I wish I could go back in time, knowing then what I know now about breastfeeding, but I have spent enough days living in the past. I have wasted enough tears wondering “what if” & not giving myself the grace I need to move on as a mom who stopped breastfeeding her baby way sooner than she wished. I hope this post can be helpful to even just one person & make the transition into motherhood & breastfeeding a little smoother.



  • Drink Mamas Milk Tea
  • You can take a supplement of Fenugreek &/or “Let There Be Milk” drops
  • Get this Milk Boosting Essential Oil & start using it before your baby arrives.
  • Take a breastfeeding class
  • Plug into a Breastfeeding Support Group
  • Stock your fridge with easy to grab food for when you come home for the hospital. I wish I would have gotten a ton of cold pressed juices & healthy granola bars. Oatmeal helps & you can even have lactation cookies pre-made & waiting for you when you get home.
  • Drink water all day long (they say 6-8 ounces every time your baby breastfeeds). Get a big water bottle & make yourself drink it constantly, or fill your fridge with easy to grab water bottles.

I think these last two things would’ve helped me a ton… eating more food & drinking more water. I was completely overwhelmed, & tired, & had no appetite. I wasn’t taking care of myself & I definitely wasn’t drinking enough water.

Give yourself grace as you & your baby learn how to breastfeed. You can ask to see a lactation consultant while you are at the hospital, they can be super helpful, just be careful not to let them overwhelm you. I saw three different lactation consultants, one in the hospital & two that came to my house after I came home. *Most cities have lactation consultants that will come to your house after you are home. Ask the hospital for that number before you leave.* The lactation consultant that I had in the hospital made me feel like I was doing it all wrong. Although she gave me tons of helpful information, the two ways she was showing me to get my baby to latch just wasn’t working for me. It made me feel inadequate & like I was NEVER going to get it. I wanted to cry. The last lactation consultant I saw, came to my house & was amazing. There are so many different ways to get your baby to latch on correctly, just be patient as you both learn what works best.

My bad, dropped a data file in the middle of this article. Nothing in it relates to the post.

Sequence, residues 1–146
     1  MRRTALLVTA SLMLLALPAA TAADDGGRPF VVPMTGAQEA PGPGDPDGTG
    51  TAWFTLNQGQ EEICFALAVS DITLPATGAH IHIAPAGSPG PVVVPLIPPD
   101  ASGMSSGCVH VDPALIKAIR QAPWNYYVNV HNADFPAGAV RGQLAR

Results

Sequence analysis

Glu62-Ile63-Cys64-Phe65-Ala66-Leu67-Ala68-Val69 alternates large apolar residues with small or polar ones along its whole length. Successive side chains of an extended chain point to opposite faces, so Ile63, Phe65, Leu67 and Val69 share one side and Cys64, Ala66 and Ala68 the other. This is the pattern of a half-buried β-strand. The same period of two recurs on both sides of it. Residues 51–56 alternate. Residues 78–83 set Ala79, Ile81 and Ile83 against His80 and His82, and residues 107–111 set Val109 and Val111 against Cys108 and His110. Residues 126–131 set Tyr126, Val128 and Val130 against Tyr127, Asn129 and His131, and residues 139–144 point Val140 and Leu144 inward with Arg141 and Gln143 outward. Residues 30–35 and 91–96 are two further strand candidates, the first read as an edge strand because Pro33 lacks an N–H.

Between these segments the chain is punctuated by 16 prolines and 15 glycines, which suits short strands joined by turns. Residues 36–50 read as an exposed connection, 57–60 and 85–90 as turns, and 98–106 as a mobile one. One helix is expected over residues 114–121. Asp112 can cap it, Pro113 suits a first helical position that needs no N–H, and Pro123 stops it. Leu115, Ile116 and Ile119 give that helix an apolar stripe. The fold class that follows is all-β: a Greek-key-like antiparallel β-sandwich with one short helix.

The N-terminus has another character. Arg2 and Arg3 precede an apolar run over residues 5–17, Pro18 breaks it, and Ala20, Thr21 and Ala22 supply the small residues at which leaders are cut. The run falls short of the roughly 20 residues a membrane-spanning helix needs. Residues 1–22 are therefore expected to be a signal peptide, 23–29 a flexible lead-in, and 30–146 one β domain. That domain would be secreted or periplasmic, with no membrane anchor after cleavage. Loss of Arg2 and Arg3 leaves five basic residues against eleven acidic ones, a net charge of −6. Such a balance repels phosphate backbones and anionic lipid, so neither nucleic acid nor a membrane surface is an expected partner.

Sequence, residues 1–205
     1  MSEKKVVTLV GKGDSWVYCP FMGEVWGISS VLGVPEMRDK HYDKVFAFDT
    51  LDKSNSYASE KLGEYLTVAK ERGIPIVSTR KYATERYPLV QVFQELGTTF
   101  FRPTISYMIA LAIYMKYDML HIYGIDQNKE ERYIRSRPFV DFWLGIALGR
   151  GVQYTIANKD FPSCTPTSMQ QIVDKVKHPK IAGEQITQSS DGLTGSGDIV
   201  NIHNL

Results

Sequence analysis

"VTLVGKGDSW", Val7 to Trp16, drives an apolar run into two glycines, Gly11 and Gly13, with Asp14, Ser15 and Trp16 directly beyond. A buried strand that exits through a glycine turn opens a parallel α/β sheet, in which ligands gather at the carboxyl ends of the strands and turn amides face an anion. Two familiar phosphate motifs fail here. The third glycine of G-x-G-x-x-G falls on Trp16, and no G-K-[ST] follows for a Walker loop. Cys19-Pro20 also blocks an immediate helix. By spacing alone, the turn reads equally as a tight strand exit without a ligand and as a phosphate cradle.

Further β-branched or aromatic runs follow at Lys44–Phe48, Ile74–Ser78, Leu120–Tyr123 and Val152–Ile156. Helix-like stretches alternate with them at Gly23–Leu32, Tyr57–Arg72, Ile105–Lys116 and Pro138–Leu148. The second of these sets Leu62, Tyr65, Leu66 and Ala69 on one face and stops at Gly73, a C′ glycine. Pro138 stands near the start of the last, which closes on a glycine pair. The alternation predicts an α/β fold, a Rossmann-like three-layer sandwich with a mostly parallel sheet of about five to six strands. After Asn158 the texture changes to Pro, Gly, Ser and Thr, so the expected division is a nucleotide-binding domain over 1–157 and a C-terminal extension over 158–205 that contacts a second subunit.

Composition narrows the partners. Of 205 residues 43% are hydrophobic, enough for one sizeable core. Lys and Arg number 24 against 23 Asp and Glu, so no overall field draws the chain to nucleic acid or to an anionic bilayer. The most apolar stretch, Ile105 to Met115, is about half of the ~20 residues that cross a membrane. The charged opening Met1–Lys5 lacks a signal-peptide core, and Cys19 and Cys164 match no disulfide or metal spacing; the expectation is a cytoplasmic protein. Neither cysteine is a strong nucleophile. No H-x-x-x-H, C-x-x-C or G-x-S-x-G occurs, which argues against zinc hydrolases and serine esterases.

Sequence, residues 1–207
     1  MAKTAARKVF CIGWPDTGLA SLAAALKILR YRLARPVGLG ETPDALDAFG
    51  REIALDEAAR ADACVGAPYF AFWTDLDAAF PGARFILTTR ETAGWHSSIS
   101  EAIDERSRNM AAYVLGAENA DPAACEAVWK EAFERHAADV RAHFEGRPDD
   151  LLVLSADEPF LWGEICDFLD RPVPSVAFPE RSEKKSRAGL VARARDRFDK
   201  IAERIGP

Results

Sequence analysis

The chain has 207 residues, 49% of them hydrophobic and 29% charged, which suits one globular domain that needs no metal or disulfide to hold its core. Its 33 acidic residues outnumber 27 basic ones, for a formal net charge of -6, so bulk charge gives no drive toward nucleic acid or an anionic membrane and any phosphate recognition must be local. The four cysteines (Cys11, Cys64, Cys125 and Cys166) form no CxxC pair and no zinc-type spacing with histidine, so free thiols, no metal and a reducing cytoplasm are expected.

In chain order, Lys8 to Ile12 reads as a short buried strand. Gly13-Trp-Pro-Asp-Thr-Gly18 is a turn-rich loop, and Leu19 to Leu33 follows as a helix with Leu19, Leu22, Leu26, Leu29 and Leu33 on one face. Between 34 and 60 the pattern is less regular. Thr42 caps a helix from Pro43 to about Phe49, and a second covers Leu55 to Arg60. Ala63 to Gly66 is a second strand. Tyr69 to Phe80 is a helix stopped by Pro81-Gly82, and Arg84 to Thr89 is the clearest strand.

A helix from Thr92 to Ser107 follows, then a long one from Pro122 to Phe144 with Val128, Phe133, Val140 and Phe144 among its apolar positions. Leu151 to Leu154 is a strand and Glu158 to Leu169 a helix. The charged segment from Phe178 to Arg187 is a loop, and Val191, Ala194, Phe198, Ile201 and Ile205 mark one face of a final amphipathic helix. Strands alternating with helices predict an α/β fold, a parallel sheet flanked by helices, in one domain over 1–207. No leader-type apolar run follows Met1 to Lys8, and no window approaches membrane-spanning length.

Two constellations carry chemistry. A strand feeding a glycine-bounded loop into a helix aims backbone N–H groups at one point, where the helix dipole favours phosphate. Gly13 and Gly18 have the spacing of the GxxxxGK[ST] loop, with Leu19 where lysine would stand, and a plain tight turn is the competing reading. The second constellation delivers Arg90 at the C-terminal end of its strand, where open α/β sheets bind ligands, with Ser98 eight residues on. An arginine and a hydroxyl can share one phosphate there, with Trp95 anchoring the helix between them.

If you are having problems with your milk supply, start pumping after every feeding. It’s all about demand & supply. The more your body thinks you need, the more it will make.